In the show, the retail consultant presented a study of the stand-out products and trends over the last 12 months.
She kicked off her review with a comment on the rise of veganism. “Gone are the days when we could just rely on Jane Fonda’s aerobics videos for our New Year resolutions,” she said. “Now, 168,000 people started 2018 with Veganuary. But it didn’t stop there. Veganism became the biggest food trend of the year. Tesco doubled its vegan food range in 2018, Britain’s largest vegan restaurant [Erpingham House] opened in Norwich (in an old steak house) and even Bake Off went vegan.
“Only two years ago there were about half a million vegans. There are now 3.5 million vegans in the UK. Veganism is kind of cool- and nowhere is it cooler than on social media. Last year #vegan reached 17 million Instagram posts.”
She continued: “But it wasn’t just fresh new vegans feeling worthy at the start of the year. In a tumultuous 12 months around the world, 2018 was also a year when we tried to instil some calm and kindness into our world, where ethics and wellbeing and just ‘doing the right thing’ influenced what we bought.
“But our attitudes were put into perspective when we ended 2017 with a heartfelt and moving wake-up call from a national treasure. [David] Attenborough’s dire warning and those troubling images from the BBC’s [nature documentary series] ‘Blue Planet II’ highlighted the issues of plastic in our oceans – and there were over 1.5 million #plastic posts on Instagram.
“By February, single-use plastics were the environmental bogeyman that had been under our noses the whole time. And big businesses also rushed to distance themselves from the plastic pariah, with many pledging to go fully reusable, recyclable or compostable over the next seven years.”
Mary then reflected on Spring 2018, claiming that the biggest impact on spending in the season “was the first royal baby of the year – or was it the first royal wedding? Harry and Meghan had an estimated global audience of 1.9 billion and everyone wanted to cash in on the wedding of the year. Iceland released their version of the wedding cake, sales of British food rose. and Tesco predicted scone sales of 1.5 million.”
And, she added: “There’s one foodie habit that we can’t seem to get enough of. While big restaurant chains are struggling (hit by food costs, rising rents and more competition) each of us now spends over £1,000 a year on takeaways.”
The programme said that in April it was announced that the takeaway delivery food market (firms such as Just Eat, Deliveroo and Uber Eat) has nearly doubled in the past decade from £2.4 million to £4.2 million.
According to Deliveroo ceo and co-founder Will Shu: “Of the under-30 category, about 28% of them order food delivery all the time. That same proportion of people who cooked at home once a week has dropped from 94% to 89%.”
Mary noted: “What will remain to be seen is whether what’s good for our busy 21st century lifestyles and demand for choice is good for our waistlines.”
Big screen TVs
By June, “Brexit was back in the news and we all needed a bit of optimism,” Mary said. “Just in time, the sun came out and the [World Cup] football [tournament] kicked off. We got knocked out but it did give TV sales an extra boost.”
Laurence Mitchell, director of electricals & home technology of John Lewis & Partners, confirmed this. He said: “Every four years, we see a huge spike in TVs and people moving towards these big cinematic experiences [screens]. In 2010, the most popular size of TV was the 32in; now it’s 55in.”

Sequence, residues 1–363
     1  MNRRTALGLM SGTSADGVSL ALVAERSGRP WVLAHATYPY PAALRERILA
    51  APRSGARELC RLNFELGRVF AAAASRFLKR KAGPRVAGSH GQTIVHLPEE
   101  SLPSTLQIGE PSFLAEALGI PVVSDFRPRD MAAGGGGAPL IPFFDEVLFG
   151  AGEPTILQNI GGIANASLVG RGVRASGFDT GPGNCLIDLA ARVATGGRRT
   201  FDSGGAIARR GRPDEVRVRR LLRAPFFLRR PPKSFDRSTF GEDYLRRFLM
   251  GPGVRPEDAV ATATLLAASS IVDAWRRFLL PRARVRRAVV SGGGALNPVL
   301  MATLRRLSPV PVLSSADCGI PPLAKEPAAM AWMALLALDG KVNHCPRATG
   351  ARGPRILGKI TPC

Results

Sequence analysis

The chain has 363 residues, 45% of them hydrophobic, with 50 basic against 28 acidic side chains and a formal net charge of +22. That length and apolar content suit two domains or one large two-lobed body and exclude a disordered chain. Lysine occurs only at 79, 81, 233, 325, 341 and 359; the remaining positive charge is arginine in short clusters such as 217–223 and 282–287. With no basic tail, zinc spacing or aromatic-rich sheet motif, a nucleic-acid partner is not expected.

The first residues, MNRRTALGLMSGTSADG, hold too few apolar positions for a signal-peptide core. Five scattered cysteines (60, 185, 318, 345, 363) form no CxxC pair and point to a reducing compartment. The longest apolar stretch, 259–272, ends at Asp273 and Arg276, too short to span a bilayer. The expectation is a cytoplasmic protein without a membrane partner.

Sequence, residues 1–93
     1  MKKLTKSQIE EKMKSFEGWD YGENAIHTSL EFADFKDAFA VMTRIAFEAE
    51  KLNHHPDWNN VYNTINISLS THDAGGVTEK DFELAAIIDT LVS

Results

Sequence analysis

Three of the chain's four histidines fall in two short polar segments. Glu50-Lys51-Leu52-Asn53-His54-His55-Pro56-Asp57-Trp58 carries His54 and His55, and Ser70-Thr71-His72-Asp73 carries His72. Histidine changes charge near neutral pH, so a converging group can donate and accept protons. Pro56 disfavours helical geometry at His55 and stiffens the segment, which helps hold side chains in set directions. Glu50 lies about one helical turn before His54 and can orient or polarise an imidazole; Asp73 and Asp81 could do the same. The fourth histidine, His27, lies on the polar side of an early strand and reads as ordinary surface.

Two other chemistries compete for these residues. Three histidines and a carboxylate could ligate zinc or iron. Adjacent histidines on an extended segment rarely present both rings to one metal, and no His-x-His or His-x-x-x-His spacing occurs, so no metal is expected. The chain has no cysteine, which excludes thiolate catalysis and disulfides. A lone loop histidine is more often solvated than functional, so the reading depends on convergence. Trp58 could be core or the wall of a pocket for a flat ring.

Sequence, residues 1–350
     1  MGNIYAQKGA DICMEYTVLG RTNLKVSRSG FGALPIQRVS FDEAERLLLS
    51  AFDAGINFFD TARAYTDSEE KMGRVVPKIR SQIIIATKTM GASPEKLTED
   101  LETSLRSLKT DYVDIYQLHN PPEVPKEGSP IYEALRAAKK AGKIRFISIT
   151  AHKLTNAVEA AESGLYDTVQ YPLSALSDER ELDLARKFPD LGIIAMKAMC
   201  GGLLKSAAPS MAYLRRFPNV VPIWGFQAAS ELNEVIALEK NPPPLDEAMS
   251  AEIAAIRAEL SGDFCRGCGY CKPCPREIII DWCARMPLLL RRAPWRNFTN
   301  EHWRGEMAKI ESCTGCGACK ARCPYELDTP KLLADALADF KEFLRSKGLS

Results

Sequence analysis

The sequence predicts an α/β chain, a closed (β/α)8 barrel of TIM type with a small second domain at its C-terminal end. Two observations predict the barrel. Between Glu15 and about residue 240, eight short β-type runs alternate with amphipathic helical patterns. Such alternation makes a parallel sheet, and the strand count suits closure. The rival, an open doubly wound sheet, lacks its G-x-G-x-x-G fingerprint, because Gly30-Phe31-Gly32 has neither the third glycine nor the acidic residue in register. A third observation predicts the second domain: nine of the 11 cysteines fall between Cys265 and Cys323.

High street trading
Mary then turned her attention to high street trading in general. “A bump in big TVs was a blip though, in a bad year for high street retailers,” she said. “At the end of June, the 169-year-old House of Fraser announced 31 store closures to avoid administration. But this was just one of many big brands that closed and some outlets vanished altogether (such as Maplin, Poundland and Toys ‘R’ Us). In total, 1,500 shops and 38,000 jobs were affected.”
Christmas Eve boxes
On a lighter note, Mary highlighted the growing appeal of the Christmas Eve box. Inspired by Scandinavian traditions, each box is “packed with extra gifts to keep excited children quiet until morning,” she said.
Leanne Osborne, trading director of online gift retailer www.notonthehighstreet.com, gave her view on why this product has been such a success: “When we first saw the boxes introduced to the site around three years ago, in our second year of selling them our sales increased by over 400%. I think it’s because customers really love a new tradition, it encourages family time together, and it just helps prolong the magic of Christmas – which is why people are responding so well to it.”
Hero and villain
But from all our purchases, which one best represents 2018? For Mary: “It’s an item which saw a 500% sales surge, becoming the symbol of our new environmental awareness. Maybe the travel cup is the shopping item of the year. And if the cup is our hero item, the plastic straw is this year’s villain.”
What we didn’t buy in 2018
What else didn’t we buy in 2018? According to Mary: “New car sales had their worst September since the financial crash, prompted by new emissions tests and a move towards alternative fuels. John Lewis stopped selling DVD players, as Britain embraced downloading and streaming – and freed up some space. And we have been drinking 870 million fewer cups of black tea in favour of herbal and fruit teas.”
Finally, Mary asked two experts to predict what’s going to be big this year. Lakeland buying & merchandising director Samm Swain said: “It’s going to be kefir, it’s going to be fermentation… it’s going to be all the things that protect you, your body and the environment.”
And Deliveroo ceo and co-founder Will Shu concluded: “The food health trend is just massive. We’ll see more restaurants that offer both a full vegan menu and a carnivorous menu.”